3D MHD models

This notebook explains how to use cubic results of 3D MHD models on a uniform grid in CRPropa.

Supplied data

The fields need to be supplied in a raw binary file that contains only single floats, arranged as follows: Starting with the cell values (Bx,By,Bz for magnetic field or rho for density) at the origin of the box, the code continues to read along z, then y and finally x.

On https://crpropa.desy.de/ under "Additional resources" you can find a number of MHD models used with CRPropa in the literature.

In [1]:
from crpropa import *

## settings for MHD model (must be set according to model)
filename_bfield = "clues_primordial.dat" ## filename of the magnetic field
gridOrigin = Vector3d(0,0,0)             ## origin of the 3D data, preferably at boxOrigin
gridSize = 1024                          ## size of uniform grid in data points
size = 249.827*Mpc                       ## physical edgelength of volume in Mpc
b_factor = 1.                            ## global renormalizatino factor for the field

## settings of simulation
boxOrigin = Vector3d( 0, 0, 0,)          ## origin of the full box of the simulation
boxSize = Vector3d( size, size, size )   ## end of the full box of the simulation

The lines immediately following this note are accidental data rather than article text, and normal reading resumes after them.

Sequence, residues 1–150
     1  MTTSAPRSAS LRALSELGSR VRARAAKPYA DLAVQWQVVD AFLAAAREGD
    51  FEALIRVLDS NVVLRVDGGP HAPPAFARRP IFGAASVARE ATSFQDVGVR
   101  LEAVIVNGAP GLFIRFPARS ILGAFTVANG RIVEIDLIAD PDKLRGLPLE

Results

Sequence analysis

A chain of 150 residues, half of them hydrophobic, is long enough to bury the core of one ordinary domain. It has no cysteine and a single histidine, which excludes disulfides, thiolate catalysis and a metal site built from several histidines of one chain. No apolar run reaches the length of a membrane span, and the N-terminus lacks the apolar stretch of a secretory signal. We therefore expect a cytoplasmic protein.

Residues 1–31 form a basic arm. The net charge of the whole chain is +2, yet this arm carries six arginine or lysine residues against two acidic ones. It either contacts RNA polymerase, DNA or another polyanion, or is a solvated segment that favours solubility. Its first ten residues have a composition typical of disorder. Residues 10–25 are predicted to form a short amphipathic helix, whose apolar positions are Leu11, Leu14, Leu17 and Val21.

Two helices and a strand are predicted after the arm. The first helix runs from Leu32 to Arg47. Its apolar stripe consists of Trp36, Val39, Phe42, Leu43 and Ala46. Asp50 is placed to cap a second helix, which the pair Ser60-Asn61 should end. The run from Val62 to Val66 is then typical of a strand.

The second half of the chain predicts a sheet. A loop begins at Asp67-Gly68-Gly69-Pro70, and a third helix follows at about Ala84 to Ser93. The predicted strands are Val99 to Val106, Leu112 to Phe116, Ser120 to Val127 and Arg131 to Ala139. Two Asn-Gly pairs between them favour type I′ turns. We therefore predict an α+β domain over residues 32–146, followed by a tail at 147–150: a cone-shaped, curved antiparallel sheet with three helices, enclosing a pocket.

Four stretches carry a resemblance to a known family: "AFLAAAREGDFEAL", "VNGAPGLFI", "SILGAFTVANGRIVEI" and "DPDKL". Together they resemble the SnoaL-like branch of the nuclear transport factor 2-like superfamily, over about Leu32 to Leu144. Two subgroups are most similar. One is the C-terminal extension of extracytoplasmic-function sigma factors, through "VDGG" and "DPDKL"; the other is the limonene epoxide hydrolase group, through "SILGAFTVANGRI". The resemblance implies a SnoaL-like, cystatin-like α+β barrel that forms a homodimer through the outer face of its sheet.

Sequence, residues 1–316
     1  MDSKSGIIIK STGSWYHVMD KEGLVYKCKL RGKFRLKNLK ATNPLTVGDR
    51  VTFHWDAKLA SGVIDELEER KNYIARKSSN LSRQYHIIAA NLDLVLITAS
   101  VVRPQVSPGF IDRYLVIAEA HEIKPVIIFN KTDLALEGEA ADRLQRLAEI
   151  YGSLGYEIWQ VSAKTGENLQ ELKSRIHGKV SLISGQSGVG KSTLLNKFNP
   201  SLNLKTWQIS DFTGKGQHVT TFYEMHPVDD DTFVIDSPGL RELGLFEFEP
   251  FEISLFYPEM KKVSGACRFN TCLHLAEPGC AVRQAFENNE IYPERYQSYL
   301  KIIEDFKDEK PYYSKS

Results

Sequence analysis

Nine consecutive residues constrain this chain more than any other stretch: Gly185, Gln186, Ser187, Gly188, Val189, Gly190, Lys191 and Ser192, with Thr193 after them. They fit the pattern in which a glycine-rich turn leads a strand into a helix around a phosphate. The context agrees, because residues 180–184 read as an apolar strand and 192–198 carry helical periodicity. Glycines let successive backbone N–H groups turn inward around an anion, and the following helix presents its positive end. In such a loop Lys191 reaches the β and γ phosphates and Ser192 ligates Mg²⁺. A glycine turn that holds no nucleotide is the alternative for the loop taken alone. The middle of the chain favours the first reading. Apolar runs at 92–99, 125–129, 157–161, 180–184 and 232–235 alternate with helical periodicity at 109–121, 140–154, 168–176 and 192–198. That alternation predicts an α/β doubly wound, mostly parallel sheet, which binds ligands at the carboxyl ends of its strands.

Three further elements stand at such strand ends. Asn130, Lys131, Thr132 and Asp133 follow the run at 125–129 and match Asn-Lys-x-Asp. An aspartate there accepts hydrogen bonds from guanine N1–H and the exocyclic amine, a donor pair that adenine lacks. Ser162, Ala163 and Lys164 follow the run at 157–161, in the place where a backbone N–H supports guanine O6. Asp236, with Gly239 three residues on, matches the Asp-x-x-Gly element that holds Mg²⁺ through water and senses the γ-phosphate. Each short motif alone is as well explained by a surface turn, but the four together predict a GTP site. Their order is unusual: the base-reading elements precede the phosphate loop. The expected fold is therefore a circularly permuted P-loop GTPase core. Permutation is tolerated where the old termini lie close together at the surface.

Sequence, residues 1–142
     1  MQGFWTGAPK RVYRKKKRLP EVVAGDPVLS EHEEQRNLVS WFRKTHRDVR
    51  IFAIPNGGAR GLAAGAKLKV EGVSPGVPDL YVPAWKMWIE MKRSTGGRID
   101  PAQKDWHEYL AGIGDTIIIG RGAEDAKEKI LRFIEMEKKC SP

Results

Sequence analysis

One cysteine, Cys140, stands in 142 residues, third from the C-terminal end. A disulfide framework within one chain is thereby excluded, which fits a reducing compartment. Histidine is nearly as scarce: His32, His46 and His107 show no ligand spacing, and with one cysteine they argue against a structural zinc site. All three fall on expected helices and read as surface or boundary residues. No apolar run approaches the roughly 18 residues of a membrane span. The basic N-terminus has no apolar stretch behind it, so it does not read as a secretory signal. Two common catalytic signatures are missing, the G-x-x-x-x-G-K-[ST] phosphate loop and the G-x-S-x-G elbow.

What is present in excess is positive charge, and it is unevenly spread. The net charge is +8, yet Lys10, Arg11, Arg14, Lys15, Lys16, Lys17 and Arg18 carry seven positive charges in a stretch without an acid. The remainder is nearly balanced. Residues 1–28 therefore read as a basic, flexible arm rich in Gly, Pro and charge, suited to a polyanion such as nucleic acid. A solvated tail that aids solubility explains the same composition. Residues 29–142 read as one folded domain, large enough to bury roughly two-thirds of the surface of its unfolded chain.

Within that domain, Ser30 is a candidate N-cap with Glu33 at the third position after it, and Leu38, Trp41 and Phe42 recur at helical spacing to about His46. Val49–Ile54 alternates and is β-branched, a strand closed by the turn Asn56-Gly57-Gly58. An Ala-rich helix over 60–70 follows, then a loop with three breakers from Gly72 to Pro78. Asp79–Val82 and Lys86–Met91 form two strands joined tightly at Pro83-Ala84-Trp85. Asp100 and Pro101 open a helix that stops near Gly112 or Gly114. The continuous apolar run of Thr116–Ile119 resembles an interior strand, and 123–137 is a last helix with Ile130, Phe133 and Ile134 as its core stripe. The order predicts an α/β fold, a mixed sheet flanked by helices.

## settings for computation
minStep = 10.*kpc                        ## minimum length of single step of calculation
maxStep = 4.*Mpc                         ## maximum length of single step of calculation
tolerance = 1e-2                         ## tolerance for error in iterative calculation of propagation step

spacing = size/(gridSize)                ## resolution, physical size of single cell

m = ModuleList()

## instead of  computing propagation without Lorentz deflection via
# m.add(SimplePropagation(minStep,maxStep))

## initiate grid to hold field values
vgrid = VectorGrid( gridOrigin, gridSize, spacing )
## load values to the grid
loadGrid( vgrid, filename_bfield, b_factor )
## use grid as magnetic field
bField = MagneticFieldGrid( vgrid )
## add propagation module to the simulation to activate deflection in supplied field
m.add(PropagationCK( bField, tolerance, minStep, maxStep))
#m.add(DeflectionCK( bField, tolerance, minStep, maxStep))  ## this was used in older versions of CRPropa

to make use of periodicity of the provided data grid, use

In [2]:
m.add( PeriodicBox( boxOrigin, boxSize ) )

to not follow particles forever, use

In [3]:
m.add( MaximumTrajectoryLength( 400*Mpc ) )

Uniform injection

The most simple scenario of UHECR sources is a uniform distribution of their sources. This can be realized via use of

In [4]:
source = Source()
source.add( SourceUniformBox( boxOrigin, boxSize ))

Injection following density field

The distribution of gas density can be used as a probability density function for the injection of particles from random positions.

In [65]:
filename_density = "mass-density_clues.dat" ## filename of the density field

source = Source()
## initialize grid to hold field values
mgrid = ScalarGrid( gridOrigin, gridSize, spacing )
## load values  to grid
loadGrid( mgrid, filename_density )
## add source module to simulation
source.add( SourceDensityGrid( mgrid ) )

Mass Halo injection